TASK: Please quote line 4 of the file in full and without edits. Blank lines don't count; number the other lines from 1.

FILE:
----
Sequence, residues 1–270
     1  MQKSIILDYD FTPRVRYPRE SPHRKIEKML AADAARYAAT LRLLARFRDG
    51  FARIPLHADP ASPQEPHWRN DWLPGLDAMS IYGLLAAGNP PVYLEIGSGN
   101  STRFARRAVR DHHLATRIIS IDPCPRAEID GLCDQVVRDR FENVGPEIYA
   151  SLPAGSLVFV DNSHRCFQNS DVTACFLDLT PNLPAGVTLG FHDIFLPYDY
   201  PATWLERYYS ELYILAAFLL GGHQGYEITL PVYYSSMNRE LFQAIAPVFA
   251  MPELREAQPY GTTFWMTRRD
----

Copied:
   101  STRFARRAVR DHHLATRIIS IDPCPRAEID GLCDQVVRDR FENVGPEIYA